It was supposed to be what narcotics officers call a simple “knock and talk.”
But the undercover detectives, who said they flashed police badges, never had a chance to knock.
A gunman was hiding in the front seat of a 2005 BMW, parked in the driveway and, according to investigators, protecting a house where he was cultivating a flourishing marijuana nursery, on SW 60th Court, in a tidy middle-class neighborhood off Coral Way in West Miami-Dade.
It was just before 7 p.m. Tuesday. Residents were walking their dogs, watching the Olympics or sharing dinner when the gunman, seeing the lawmen approach, opened fire, shooting one of them three times before the officers fatally riddled him with lead.
Despite a bullet-proof vest, Miami-Dade Police Detective John Saavedra was shot in his thigh and his side, with third bullet lodged in his spleen. He was recovering following surgery at Jackson Memorial Hospital.
The sudden violence surprised neighbors on the residential road lined with trees and small yards. And less than a mile away, it also shocked the family of the man who died.
The shootings underscored South Florida’s reputation as the grow house capital of the nation, home to a violent and competitive narco-trafficking trade commanded by drug dealers running grow house networks like the cocaine cowboys of the 1980s.
Authorities are investigating whether the hydroponic lab is part of a larger grow house operation run by gangs that have proliferated in Miami-Dade since the mid-2000s. The fact that one of the suspects opened fire so swiftly also may have been a sign that he suspected that the undercover officers, in spite of their badges, were actually part of a rival gang. Some drug gangs have been known to pose as police officers, complete with uniforms, police vests and guns, to rob competitors of their cash and crops.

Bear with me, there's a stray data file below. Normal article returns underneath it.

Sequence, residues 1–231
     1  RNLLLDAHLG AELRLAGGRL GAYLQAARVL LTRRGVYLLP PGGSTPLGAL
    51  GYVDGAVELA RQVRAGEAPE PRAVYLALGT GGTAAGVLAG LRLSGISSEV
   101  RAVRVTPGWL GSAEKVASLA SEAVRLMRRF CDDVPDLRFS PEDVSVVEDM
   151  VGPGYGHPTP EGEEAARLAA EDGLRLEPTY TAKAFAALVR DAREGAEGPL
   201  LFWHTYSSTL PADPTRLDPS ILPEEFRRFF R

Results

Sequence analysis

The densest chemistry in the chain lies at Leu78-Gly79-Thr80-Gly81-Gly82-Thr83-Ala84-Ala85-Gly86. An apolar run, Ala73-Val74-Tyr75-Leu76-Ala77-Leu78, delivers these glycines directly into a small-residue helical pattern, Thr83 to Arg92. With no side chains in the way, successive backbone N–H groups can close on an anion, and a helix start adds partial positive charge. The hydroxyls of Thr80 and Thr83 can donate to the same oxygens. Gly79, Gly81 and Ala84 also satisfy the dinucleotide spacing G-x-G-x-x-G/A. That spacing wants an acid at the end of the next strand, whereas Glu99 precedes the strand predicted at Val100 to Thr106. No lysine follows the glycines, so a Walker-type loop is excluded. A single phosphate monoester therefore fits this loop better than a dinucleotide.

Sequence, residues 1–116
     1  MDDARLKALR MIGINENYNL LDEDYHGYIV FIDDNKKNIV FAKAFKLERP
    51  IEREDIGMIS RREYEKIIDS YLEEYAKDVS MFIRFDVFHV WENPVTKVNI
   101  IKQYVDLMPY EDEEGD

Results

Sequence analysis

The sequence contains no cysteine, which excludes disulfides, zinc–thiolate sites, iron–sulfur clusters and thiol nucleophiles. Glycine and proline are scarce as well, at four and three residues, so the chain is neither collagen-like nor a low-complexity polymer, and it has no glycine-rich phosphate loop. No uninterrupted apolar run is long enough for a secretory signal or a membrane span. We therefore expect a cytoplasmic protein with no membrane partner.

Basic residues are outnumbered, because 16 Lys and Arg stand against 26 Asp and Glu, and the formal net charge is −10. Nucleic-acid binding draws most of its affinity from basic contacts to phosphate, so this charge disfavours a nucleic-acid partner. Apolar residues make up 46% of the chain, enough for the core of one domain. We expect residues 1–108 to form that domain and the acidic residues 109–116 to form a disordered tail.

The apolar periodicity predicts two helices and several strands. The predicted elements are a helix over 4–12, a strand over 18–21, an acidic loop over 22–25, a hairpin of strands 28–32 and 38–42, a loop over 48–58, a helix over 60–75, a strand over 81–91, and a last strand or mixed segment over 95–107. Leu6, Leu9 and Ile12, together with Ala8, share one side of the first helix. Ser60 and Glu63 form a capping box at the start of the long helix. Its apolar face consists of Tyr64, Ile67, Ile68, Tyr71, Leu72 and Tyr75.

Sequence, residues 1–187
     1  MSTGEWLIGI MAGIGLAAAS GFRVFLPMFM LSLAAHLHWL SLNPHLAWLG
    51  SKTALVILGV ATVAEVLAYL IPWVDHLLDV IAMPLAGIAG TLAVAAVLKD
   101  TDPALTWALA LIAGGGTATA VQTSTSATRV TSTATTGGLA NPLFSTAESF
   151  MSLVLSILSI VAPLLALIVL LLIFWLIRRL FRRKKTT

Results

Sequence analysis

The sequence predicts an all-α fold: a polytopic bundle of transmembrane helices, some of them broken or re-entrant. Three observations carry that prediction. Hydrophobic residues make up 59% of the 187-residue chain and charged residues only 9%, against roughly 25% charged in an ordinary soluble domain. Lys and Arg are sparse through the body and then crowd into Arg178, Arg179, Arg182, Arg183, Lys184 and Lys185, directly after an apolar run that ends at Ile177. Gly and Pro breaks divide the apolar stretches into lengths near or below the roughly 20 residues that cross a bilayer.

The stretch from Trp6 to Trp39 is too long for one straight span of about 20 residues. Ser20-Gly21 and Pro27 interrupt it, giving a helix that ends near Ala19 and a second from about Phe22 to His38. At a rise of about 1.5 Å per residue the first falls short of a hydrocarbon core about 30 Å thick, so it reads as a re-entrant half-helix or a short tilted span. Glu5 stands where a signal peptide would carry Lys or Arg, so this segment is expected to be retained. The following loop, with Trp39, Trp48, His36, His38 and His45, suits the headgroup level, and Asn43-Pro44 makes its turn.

“At the end of the day, they were still police officers, they were wearing badges and they identified themselves as officers,” said Miami-Dade spokesman Detective Javier Baez. He added that at least one of the police vehicles at the house was a marked Miami-Dade police cruiser.
The team of officers and an FBI agent were part of the federal High Intensity Drug Trafficking Area task force based in Doral. HIDTA has led numerous grow house crackdowns in South Florida, including busting an elaborate family-run ring in June that ran 20 grow houses scattered across Miami-Dade. That operation, run by the Santiesteban clan, involved kidnapping and murder, according to authorities.
The grow house business is so prolific in South Florida that it has spawned a cadre of lawyers who label themselves “grow house attorneys” specializing in defending the wealthy pot farmers. Each plant can produce one pound of pot, which has a street value of $4,500 — double that if they sell it in New York or New Jersey, authorities say.
Tuesday’s undercover operation, however, was supposed to be low-key. The officers, acting on a tip, conducted a surveillance of the house, at 2325 SW 60th Ct. During their stakeout, detectives saw a black Toyota sedan pull into the driveway. A man, identified as Luis Lazaro Esevanell, 59, exited the car and went into the house. A short time later, he re-emerged.
In a “knock and talk,” officers approach the owner or caretaker of the house and try to persuade him to permit a search of the residence. If the resident says no, the cops can ask for a warrant.